• Strong leadership buy-in
  • A significant shift in organizational culture
  • Valuing outcomes achieved over hours worked
  • Organizational cultures that value flexibility and work-life balance

Organizations that prioritize these factors are more likely to successfully transition to a four-day workweek.

A shorter workweek can foster a culture that emphasizes:

  • Continuous improvement
  • Experimentation
  • Results
  • Innovation
  • Trust

over mere physical presence in the office. Real-world experiences show that embedding new practices into the workplace culture is crucial, and setting clear boundaries is necessary to sustain productivity, creativity, and employee engagement while maintaining a positive work environment.

Leadership buy-in

Senior management support is crucial for any significant changes within an organization. Leaders must be fully committed to the transition to a four-day workweek. Leadership support involves adapting work practices to increase productivity and meet business goals when moving to a four-day workweek, and managers may take on additional workload in scheduling and performance monitoring.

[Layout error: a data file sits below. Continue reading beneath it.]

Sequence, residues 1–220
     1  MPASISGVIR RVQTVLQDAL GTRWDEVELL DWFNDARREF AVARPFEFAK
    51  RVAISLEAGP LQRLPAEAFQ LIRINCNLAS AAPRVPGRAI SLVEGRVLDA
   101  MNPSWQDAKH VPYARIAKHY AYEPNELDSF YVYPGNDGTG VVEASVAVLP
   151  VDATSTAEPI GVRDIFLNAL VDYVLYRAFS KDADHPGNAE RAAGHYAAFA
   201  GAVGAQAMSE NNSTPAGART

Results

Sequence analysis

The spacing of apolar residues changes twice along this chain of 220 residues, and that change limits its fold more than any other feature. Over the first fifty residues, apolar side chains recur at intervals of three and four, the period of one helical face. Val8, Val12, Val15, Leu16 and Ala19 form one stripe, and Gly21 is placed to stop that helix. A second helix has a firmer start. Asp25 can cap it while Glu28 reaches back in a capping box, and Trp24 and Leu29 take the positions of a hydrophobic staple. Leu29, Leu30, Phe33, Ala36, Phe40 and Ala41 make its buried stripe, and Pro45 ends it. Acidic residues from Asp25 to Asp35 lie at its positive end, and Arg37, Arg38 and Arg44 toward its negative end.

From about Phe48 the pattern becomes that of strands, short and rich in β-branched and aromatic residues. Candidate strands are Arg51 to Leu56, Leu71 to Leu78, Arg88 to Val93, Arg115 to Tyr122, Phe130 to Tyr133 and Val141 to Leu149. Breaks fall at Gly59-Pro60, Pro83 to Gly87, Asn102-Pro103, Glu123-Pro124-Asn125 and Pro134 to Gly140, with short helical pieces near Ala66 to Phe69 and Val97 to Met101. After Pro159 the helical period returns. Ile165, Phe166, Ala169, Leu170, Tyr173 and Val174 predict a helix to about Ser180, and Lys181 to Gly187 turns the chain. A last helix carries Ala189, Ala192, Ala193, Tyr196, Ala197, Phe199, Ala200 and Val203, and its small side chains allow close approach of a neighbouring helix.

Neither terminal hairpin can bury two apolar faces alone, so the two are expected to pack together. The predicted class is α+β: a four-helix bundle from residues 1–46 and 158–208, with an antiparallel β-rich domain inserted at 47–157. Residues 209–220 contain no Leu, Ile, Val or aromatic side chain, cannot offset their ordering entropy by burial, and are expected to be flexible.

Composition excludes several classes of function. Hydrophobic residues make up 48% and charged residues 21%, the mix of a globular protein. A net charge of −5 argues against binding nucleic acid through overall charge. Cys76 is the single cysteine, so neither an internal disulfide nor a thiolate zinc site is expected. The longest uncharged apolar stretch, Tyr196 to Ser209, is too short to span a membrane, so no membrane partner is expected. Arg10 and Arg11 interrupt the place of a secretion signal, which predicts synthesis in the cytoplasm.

Leadership directives should:

  • Avoid a one-size-fits-all approach
  • Formulate plans that address both business demands and employee needs
  • Value employee well-being
  • See the four-day workweek as a privilege contingent upon delivering expected outcomes

Success might hinge on a leadership-driven company culture that incorporates these principles.

“The transition to a four-day workweek necessitates a reevaluation of leadership capabilities, questioning whether we’ve adequately equipped our leaders with the tools and mindset needed to thrive in this radically altered work environment.” Tina Paterson, Outcomes Over Hours

Building adaptable teams

Adaptable teams are key to thriving in a four-day workweek environment. Leadership plays a crucial role in creating an environment where employees feel comfortable to voice concerns and suggest improvements.